Yulia Karra
March 5

Yad Sarah is Israel’s largest volunteer organization. Established by former mayor of Jerusalem, Rabbi Uri Lupolianski, in 1976, the organization provides more than 20 different healthcare services to people from all walks of life and of all backgrounds. 

Its biggest specialty is lending 150 kinds of medical equipment at its 126 branches, in exchange only for refundable deposits. 

Post-October 7

Unfortunately, many Israelis only come to know the organization when they are faced with a personal tragedy. 

“If you haven’t yet been served by Yad Sarah, the likelihood is that you will be,” Yad Sarah’s Board of Trustees director Phillip Bendheim tells ISRAEL21c. 

Yad Sarah’s Board of Trustees director Phillip Bendheim. Photo: screenshot
Yad Sarah’s Board of Trustees director Phillip Bendheim. Photo: screenshot

Indeed, thousands of Israelis discovered Yad Sarah after the October 7 attacks and the subsequent war in Gaza

Bendheim says that since its establishment, Yad Sarah volunteers had operated through a host of tragedies and crises, but even they were surprised by the scope of what was to come. 

“On October 7 we knew what we had to do before anybody called us,” says Bendheim, who lost two great-nephews in the war and also volunteers for the organization. 

“We filled container loads of equipment from our inventory and moved them. We set up the containers outside of hospitals where we didn’t already have a branch.

“Normally we plan a year in advance, but we moved a years’ worth of supply in three months,” he explains. 

Soldiers with Yad Sarah equipment in Beersheva. Photo courtesy of Yad Sarah 
Soldiers with Yad Sarah equipment in Beersheva. Photo courtesy of Yad Sarah 

“We ran out of our inventory of certain equipment and couldn’t get the new supply on time,” he says, referring to shipping delays caused by Houthi attacks on cargo ships in the Red Sea. Right now, some of the supplies purchased by Yad Sarah from China are stuck in transit, and the organization is raising money to buy anew and ship by air.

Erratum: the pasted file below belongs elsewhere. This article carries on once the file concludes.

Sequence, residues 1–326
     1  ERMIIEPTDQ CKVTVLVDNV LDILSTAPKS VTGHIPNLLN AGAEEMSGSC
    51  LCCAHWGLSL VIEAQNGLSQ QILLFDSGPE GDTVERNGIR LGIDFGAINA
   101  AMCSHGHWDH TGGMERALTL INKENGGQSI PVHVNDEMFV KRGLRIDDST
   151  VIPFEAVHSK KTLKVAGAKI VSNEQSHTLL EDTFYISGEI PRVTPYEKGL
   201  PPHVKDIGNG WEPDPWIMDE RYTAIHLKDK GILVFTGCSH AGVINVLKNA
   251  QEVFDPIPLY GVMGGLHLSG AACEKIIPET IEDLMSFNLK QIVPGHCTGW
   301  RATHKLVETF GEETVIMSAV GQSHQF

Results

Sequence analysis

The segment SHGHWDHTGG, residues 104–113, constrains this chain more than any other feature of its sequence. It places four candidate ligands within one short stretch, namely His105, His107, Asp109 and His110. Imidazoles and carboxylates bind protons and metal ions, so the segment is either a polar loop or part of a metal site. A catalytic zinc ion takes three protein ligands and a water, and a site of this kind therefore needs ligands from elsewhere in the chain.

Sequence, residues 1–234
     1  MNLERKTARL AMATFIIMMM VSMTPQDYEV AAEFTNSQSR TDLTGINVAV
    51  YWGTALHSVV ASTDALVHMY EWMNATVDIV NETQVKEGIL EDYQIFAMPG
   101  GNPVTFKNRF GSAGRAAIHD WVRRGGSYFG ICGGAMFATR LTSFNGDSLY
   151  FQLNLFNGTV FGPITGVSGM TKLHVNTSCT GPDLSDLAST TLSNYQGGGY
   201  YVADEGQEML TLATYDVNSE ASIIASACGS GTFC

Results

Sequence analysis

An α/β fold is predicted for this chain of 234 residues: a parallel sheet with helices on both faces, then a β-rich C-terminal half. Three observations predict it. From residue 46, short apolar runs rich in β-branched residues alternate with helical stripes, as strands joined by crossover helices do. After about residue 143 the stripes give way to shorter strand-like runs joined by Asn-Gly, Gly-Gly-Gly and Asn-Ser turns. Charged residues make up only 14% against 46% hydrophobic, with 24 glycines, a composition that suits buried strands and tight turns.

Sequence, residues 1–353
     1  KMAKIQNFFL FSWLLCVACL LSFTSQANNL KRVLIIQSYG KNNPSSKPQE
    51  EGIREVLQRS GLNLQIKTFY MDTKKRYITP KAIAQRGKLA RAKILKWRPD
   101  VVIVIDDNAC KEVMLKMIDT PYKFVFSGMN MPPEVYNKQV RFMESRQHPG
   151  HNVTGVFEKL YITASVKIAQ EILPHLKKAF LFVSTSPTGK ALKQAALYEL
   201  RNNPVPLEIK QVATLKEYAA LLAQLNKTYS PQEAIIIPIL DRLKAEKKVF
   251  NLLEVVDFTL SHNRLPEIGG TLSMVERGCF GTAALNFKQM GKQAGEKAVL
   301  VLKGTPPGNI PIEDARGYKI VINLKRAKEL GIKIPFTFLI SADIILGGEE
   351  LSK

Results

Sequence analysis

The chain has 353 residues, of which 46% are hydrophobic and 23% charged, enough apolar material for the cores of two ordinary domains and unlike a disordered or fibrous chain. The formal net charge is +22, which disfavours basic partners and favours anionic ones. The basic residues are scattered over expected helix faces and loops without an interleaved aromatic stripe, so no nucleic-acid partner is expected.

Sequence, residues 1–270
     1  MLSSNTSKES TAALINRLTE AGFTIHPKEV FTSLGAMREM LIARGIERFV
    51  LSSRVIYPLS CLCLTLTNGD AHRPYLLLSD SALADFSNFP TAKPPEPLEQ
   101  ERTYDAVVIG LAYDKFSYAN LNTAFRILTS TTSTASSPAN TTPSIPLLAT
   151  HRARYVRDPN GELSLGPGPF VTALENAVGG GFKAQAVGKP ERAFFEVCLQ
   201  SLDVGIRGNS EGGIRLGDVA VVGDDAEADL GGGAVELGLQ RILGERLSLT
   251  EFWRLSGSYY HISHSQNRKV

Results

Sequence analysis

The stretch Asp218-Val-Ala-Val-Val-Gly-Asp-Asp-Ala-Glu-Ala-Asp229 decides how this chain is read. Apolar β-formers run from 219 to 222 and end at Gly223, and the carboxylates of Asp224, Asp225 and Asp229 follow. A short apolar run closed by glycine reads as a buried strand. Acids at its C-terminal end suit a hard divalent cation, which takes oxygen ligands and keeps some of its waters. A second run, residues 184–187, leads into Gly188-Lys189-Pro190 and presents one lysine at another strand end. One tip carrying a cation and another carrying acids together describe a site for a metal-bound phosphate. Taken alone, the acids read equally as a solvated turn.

Rehabilitation services

Recently the organization opened “The Soldier Rehabilitation Unit” to aid hundreds of soldiers wounded in the Hamas-controlled enclave over the past three months. 

Wounded IDF soldier at a Yad Sarah branch. Photo courtesy of Yad Sarah
Wounded IDF soldier at a Yad Sarah branch. Photo courtesy of Yad Sarah

“We have an arrangement with the army — the soldiers get a special voucher so there’s no requirement for a deposit,” explains Bendheim. 

Soldiers can show up at any Yad Sarah branch with the IDF voucher and borrow any equipment they need. 

The volunteers at the branches — who are split into different divisions — can advise which equipment is best suited for a specific injury, and even provide help to the families of the soldiers. There are some 7,000 volunteers working for the organization across Israel.

“We also offer free legal services [to the wounded troops],” says Bendheim. “Sometimes these fellows get into problems because they have been away in Gaza and haven’t paid their rent, for example. As crazy as it sounds, there are people who go after them over this, including the government.”

Wounded soldiers and civilians can also receive light rehabilitation at Yad Sarah’s “one-of-a-kind” Health and Wellness Center in Jerusalem. 

With the help of government ministries, the center has recently been repurposed to accommodate the war wounded as well as evacuees from the south and north. Some of the evacuees are disabled or wheelchair-bound and the center offers them accessible rooms.

“Our mission is to allow people to get out of the hospital the minute they are able to get out,” and to help them return to being “productive members of society for their own sake, and for their country’s sake.” 

20,000 disabled Israelis as a result of war

The organization’s primary income is donations. The government provides just under four percent of Yad Sarah’s overall budget. In light of the challenges brought on by the war, the organization has been stretched very thin. 

“Regular people who had nothing to do with the war and need our equipment are still there, Covid is coming back, and there are going to be some 20,000 permanently disabled Israelis as a result of the war, who will require our help for years,” Bendheim notes. 

To donate to Yad Sarah, click here

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